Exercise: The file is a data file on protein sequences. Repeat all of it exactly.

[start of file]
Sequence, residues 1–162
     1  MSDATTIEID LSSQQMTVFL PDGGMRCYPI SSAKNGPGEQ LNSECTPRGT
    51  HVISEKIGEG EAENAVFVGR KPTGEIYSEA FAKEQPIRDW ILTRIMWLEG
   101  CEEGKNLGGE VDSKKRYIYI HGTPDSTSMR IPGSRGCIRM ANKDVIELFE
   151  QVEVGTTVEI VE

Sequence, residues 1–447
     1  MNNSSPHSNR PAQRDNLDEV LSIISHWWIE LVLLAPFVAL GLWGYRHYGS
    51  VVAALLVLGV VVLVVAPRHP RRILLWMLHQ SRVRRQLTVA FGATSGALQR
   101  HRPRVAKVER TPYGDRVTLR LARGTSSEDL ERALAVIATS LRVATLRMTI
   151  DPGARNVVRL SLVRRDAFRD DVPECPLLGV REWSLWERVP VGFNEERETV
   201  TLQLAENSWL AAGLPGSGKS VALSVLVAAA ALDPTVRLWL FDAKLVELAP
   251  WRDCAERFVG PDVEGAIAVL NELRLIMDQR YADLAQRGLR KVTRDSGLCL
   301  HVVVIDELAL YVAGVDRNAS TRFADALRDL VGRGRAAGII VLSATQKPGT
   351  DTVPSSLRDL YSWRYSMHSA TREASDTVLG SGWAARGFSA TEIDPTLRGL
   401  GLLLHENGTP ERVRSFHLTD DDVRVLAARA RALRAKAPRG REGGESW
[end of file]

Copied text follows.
Sequence, residues 1–162
     1  MSDATTIEID LSSQQMTVFL PDGGMRCYPI SSAKNGPGEQ LNSECTPRGT
    51  HVISEKIGEG EAENAVFVGR KPTGEIYSEA FAKEQPIRDW ILTRIMWLEG
   101  CEEGKNLGGE VDSKKRYIYI HGTPDSTSMR IPGSRGCIRM ANKDVIELFE
   151  QVEVGTTVEI VE

Sequence, residues 1–447
     1  MNNSSPHSNR PAQRDNLDEV LSIISHWWIE LVLLAPFVAL GLWGYRHYGS
    51  VVAALLVLGV VVLVVAPRHP RRILLWMLHQ SRVRRQLTVA FGATSGALQR
   101  HRPRVAKVER TPYGDRVTLR LARGTSSEDL ERALAVIATS LRVATLRMTI
   151  DPGARNVVRL SLVRRDAFRD DVPECPLLGV REWSLWERVP VGFNEERETV
   201  TLQLAENSWL AAGLPGSGKS VALSVLVAAA ALDPTVRLWL FDAKLVELAP
   251  WRDCAERFVG PDVEGAIAVL NELRLIMDQR YADLAQRGLR KVTRDSGLCL
   301  HVVVIDELAL YVAGVDRNAS TRFADALRDL VGRGRAAGII VLSATQKPGT
   351  DTVPSSLRDL YSWRYSMHSA TREASDTVLG SGWAARGFSA TEIDPTLRGL
   401  GLLLHENGTP ERVRSFHLTD DDVRVLAARA RALRAKAPRG REGGESW